Wil Trapp
Nate Smallwood

Statistics show Trapp will be tough to replace

Following Sunday’s match against Sporting Kansas City, Columbus Crew Sporting Director and Head Coach Gregg Berhalter summed up his feelings about midfielder Wil Trapp succinctly.

“I don't think there's a like-for-like replacement in the whole league for Wil Trapp,” said the Crew boss.

Consensus opinion has lauded Trapp’s influence in the midfield, allowing fullbacks Waylon Francis and Josh Williams to pressure up the flanks. But what do the numbers say?

As you might expect, Opta metrics equally praise Trapp’s presence and dynamics as a holding midfielder. Pick any statistic describing what a reliable, complete midfielder does, and Trapp ranks near the top of the league.

Few MLS players are as involved as Trapp on a minute-by-minute basis. He is one of just five players with more than 700 total touches (his 703 ranks fifth in MLS; Vincent Nogueira’s 799 leads the pack). His 593 total passes ranks fourth among all MLS players and his 518 successful passes rank just one behind Philadelphia’s Nogueira for the league lead.

Those totals make for an 87.35% passing accuracy rate, which ranks fourth among all players with at least 600 minutes played, regardless of position. Teammate Michael Parkhurst is second in this regard, illustrating how strong the pair has been in the middle of the pitch for Columbus.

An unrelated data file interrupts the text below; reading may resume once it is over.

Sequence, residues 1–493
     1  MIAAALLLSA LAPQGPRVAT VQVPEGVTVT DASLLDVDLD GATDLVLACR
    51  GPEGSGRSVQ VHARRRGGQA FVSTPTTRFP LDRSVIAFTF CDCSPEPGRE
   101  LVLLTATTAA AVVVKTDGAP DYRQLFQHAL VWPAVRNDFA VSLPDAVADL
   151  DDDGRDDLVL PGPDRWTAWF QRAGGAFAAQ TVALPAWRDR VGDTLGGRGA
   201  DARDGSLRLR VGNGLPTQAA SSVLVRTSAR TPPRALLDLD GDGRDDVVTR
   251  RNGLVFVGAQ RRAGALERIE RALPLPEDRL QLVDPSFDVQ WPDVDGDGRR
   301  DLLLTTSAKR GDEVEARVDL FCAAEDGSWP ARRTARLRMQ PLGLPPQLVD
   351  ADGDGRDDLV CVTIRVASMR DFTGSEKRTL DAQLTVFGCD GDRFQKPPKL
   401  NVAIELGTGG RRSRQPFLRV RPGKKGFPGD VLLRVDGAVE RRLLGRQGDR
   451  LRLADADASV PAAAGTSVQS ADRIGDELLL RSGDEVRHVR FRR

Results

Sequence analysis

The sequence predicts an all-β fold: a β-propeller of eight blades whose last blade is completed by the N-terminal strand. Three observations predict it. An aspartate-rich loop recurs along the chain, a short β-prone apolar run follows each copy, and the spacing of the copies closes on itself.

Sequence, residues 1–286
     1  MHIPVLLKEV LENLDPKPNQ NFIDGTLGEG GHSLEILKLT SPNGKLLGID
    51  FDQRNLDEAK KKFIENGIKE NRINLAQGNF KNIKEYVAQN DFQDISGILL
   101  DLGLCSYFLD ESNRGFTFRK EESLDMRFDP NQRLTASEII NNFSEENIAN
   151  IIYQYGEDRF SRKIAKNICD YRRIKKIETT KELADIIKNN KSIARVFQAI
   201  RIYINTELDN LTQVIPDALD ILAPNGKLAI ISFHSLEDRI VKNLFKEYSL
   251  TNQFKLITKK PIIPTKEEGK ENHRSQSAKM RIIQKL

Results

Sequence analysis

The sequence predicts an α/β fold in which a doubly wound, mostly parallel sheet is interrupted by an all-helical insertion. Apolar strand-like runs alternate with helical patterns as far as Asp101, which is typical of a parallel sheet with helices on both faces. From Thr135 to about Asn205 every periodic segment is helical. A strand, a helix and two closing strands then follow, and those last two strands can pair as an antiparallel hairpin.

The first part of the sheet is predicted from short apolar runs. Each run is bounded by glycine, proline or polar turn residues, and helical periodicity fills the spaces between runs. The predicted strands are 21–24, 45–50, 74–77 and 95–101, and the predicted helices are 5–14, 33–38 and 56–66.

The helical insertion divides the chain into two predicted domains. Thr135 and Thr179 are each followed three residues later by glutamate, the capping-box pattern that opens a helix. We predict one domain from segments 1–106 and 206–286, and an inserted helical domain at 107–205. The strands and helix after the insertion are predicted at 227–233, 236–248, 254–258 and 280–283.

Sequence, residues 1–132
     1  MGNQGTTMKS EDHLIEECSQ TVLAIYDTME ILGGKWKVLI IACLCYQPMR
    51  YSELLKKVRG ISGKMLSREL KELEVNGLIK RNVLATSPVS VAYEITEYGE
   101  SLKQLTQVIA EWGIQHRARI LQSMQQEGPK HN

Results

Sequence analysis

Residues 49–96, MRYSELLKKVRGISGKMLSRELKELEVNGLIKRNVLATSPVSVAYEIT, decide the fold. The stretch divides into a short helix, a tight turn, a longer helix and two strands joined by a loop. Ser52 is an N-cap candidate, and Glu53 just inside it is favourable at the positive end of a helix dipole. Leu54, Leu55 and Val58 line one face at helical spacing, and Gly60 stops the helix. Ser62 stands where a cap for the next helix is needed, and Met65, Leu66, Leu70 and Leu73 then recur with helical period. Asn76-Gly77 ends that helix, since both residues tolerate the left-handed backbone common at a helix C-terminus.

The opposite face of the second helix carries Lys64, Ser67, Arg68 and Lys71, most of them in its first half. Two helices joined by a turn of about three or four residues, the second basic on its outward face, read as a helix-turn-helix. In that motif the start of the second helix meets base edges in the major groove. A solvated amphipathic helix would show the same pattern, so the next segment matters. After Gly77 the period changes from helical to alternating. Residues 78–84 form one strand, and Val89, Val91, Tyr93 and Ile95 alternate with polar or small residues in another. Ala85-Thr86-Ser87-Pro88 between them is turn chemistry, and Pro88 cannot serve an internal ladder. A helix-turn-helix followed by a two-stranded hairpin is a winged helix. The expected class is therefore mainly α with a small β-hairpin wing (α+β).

What makes Trapp even more valuable is how balanced his contributions are. In attack, among all midfielders, Trapp is tied for eighth in chances created from open play, and ranks 14th in final third passes. On defense, also among all midfielders, Trapp ranks sixth in tackles and is tied for eighth in interceptions.

Trapp’s heatmap from Sunday is representative of these contributions. Consistently active in defensive midfield, but able to get forward when needed, Trapp is a force from box-to-box for the Crew. 

The bottom line: it’s difficult to find a player in MLS as involved as the Gahanna native.

Perhaps the most impressive element of these numbers shines through when comparing Trapp to his company. Some names consistently appearing in the same rarified air alongside the Columbus midfielder in the categories above are recognizable: Nogueira, Dax McCarty, Kyle Beckerman, and Osvaldo Alonso, to name a few. The combined average age of those four players? 28 years old. Trapp, of course, is just 21, suggesting he can only continue to develop and get better.

That’s a scary thought for Crew opponents over the next few seasons. In the interim, it makes for a difficult choice on how to replace him Wednesday against Houston.

All statistics and images courtesy of Opta Sportsdata.

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